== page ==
ISSUE 478: The high-tech office- Dec 22 1998


There's no need to suffer from fear of obsolescence
when affordable upgrades are available

How can you tell when it's time to go shopping for a new computer? Should you buy new? Upgrade your current machine? Get one of those cute new Apple iMacs?

First off, let's put the myth of instant obsolescence to rest. Many readers have complained to me that no sooner do they purchase computer hardware than a new and improved model is released, making them feel like the new machine is obsolete.

It's true that there's always something bigger and faster on the horizon, often for the same price or less than you paid for your fresh-out-of-the-box unit.

That doesn't make your purchase obsolete. In fact, as long as it's working and productive, your computer is not obsolete.

But our needs and wants change. (Isn't that what advertising is all about?)

That old machine running that old Word Perfect isn't going to get you onto the Internet, for example.

Nevertheless, if you bought your computer anytime in the last couple of years, it probably isn't at the end of its useful lifespan. You may, however, want to spend a modest amount of money beefing it up. The cost of upgrading has never been lower. Some things to consider:

Upgrading the computer's memory (RAM) will speed up your system. If you're running Windows 95 or 98, give yourself at least 32 megs of memory, 64 megs if you're running Windows NT. For less than $100, it will feel faster and more responsive.

If you're running short of drive space, multigigabyte hard drives have plummeted in price. In most systems it's easy to add a second drive -- and four gigs will cost less than $250.

If you're running a slower Pentium 75- or 100-MHz processor, you can easily pop it out and replace it with a 200-MHz model from Evergreen Technologies for less than $200.

If you're like me and your eyesight is not as good as it used to be, think of getting a larger monitor. Replace that 14- or 15-inch model with a 17-inch model for $400 or so, and watch everything on screen become larger and clearer. (Or set your view setting in Microsoft Word to 150 per cent for free!)

Still, if you find yourself wanting to do all of the above as well as getting a faster CD-ROM or other improvements, it may be time to look at a new system. This is the case for home offices, where the work computer does double-duty as a games system. Most standard office applications run just fine on a three-year-old (or older) computer -- at least if there's an adequate amount of memory.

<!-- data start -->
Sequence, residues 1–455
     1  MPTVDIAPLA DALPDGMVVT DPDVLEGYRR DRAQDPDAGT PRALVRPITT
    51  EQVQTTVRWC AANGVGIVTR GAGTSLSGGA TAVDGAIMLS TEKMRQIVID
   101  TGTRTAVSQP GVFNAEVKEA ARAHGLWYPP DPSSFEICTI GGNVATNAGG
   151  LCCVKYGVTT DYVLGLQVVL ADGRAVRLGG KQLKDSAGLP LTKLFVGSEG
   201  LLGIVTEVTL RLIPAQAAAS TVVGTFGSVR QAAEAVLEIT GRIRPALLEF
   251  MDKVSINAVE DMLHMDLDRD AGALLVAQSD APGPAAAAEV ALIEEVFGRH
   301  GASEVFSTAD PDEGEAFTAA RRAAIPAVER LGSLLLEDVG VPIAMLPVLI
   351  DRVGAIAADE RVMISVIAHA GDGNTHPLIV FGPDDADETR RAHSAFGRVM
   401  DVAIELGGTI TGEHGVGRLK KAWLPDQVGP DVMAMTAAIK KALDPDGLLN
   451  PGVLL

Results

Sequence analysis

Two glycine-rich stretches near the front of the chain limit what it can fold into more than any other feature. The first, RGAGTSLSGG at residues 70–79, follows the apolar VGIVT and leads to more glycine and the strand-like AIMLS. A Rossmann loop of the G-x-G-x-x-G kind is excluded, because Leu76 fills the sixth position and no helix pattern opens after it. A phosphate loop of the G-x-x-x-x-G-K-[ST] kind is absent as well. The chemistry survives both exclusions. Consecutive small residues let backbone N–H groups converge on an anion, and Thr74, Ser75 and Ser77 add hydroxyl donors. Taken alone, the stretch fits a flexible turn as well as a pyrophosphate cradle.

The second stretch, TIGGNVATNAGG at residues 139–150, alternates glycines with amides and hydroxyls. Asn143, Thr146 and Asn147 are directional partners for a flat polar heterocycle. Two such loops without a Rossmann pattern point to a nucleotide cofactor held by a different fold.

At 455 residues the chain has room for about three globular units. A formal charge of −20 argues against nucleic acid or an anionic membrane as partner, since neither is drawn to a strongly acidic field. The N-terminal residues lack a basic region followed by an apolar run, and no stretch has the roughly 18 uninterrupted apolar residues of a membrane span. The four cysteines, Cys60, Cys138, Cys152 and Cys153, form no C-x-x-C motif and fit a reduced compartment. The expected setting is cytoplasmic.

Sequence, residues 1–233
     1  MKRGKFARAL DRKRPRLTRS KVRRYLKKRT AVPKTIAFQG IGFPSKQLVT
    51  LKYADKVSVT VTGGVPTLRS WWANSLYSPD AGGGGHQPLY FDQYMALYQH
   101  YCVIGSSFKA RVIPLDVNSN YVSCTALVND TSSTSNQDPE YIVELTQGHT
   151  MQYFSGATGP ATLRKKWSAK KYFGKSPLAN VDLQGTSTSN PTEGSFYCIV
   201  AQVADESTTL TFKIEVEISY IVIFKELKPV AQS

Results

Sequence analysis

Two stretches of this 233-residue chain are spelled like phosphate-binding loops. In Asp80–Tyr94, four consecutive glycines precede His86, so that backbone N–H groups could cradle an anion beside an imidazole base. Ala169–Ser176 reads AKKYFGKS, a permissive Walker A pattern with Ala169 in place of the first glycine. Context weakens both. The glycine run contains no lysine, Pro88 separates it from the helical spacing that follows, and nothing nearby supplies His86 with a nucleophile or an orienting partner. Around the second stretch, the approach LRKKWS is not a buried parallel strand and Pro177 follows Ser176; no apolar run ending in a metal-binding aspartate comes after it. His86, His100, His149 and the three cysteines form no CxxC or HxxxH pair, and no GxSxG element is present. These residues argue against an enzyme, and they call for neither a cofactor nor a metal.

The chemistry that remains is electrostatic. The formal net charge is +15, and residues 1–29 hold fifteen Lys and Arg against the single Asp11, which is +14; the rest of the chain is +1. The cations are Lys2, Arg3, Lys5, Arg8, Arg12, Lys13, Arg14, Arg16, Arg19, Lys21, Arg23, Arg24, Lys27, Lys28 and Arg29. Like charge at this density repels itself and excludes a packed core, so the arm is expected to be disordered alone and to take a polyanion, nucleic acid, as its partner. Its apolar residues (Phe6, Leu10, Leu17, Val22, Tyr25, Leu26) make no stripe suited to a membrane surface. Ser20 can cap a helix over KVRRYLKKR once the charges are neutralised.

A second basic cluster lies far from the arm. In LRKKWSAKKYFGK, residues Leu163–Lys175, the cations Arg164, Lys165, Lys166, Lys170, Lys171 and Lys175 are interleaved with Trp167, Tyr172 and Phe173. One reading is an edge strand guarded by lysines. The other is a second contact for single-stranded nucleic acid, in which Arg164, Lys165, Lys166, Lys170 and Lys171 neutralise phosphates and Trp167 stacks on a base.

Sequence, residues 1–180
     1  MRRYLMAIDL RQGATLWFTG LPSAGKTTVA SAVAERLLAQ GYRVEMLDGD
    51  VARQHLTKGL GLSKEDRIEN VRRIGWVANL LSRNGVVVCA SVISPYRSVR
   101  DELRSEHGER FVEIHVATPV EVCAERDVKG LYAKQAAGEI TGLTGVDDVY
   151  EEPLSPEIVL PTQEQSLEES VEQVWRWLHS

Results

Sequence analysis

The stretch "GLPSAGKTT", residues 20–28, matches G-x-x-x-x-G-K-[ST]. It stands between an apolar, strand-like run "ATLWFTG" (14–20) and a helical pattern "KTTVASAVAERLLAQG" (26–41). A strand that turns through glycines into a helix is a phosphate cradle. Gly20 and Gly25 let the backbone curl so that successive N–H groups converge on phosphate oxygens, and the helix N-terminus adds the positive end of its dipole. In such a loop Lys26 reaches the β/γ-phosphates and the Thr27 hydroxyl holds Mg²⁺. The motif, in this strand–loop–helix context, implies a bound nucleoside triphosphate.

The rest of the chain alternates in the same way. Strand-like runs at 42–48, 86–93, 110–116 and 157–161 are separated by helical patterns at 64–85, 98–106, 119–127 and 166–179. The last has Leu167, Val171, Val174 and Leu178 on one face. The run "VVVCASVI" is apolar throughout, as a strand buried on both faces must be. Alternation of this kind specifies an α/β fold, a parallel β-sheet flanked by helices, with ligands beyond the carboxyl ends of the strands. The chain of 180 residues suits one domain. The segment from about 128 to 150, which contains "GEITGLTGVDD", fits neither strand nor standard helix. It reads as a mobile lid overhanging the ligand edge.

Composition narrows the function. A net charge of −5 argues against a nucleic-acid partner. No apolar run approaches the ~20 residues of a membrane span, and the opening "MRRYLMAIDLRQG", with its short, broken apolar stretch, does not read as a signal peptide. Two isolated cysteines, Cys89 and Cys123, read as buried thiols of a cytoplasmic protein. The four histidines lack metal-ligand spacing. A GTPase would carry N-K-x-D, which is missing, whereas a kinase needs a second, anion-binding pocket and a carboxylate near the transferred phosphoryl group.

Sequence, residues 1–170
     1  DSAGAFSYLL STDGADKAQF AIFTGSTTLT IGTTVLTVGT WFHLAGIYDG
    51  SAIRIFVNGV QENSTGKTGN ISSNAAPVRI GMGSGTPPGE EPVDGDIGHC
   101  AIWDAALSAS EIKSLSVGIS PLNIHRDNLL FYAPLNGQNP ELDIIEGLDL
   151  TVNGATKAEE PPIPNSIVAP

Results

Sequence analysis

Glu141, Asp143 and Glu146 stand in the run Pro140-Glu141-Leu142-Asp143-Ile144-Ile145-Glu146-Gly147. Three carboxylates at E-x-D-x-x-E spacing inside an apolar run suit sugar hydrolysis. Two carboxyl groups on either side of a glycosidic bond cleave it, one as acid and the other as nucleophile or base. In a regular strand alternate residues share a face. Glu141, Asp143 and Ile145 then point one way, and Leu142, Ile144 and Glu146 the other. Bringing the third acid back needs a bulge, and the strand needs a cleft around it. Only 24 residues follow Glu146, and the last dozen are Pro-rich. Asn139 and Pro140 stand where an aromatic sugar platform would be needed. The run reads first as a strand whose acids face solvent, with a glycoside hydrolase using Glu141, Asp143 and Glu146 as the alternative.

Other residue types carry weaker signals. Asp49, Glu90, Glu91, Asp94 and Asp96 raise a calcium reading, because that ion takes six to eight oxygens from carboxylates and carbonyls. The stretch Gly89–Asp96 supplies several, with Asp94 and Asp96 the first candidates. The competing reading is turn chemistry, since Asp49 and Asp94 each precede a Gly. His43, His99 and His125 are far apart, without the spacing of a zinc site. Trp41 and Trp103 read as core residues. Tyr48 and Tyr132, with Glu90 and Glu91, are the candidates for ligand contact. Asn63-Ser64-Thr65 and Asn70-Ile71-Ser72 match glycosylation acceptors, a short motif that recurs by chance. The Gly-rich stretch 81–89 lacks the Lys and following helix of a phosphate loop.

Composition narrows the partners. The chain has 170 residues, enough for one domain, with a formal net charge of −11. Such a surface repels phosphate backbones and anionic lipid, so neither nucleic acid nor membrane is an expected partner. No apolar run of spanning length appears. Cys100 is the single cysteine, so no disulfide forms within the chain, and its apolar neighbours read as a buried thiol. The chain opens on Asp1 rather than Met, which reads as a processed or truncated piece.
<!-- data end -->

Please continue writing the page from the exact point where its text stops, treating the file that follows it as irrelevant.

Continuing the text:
But the Pentium 166 I bought exactly two years ago is now the minimum recommended system on this season's hot sports games. As a word processor, it's more than adequate. And the limiting factor on the Internet remains modem speeds, not the computer itself. But I knew that my teenager was going to be grumbling by spring.

So I recently went shopping. I was prodded along when my notebook stopped working. I could replace the notebook (starting at about $4,000 for models with a crisper active matrix screen) or get a G3 Macintosh, and run Windows applications using emulation software such as Virtual PC.

Instead, I chose to replace the P-166 desktop with another PC desktop. I wanted more of a processor, more RAM and more storage than most of the units being advertised. But, at the same time, I'm not prepared to pay top dollar for the top of the line. I decided to look for quotes for a system with a Pentium II running at 400 MHz (one step down from the current high-end 450-MHz models, and quite a bit more affordable), 128 megs of RAM (double the 64 megs typically offered on such systems), a 10-gig hard drive and a 17-inch monitor as candy for my aging eyes.

The cost? About $2,500 at a local clone shop. I know it will be "obsolete" within a few months -- improvements in hard drive technologies are promising that much larger and faster drives will be common next year. And I'll almost certainly be driven to replace it before Joey (now in grade 9) finishes high school. But it should get me into the next century without leaving me burning with upgrade anxiety. *


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Alan Zisman is a Vancouver educator, writer, and computer specialist. He can be reached at E-mail Alan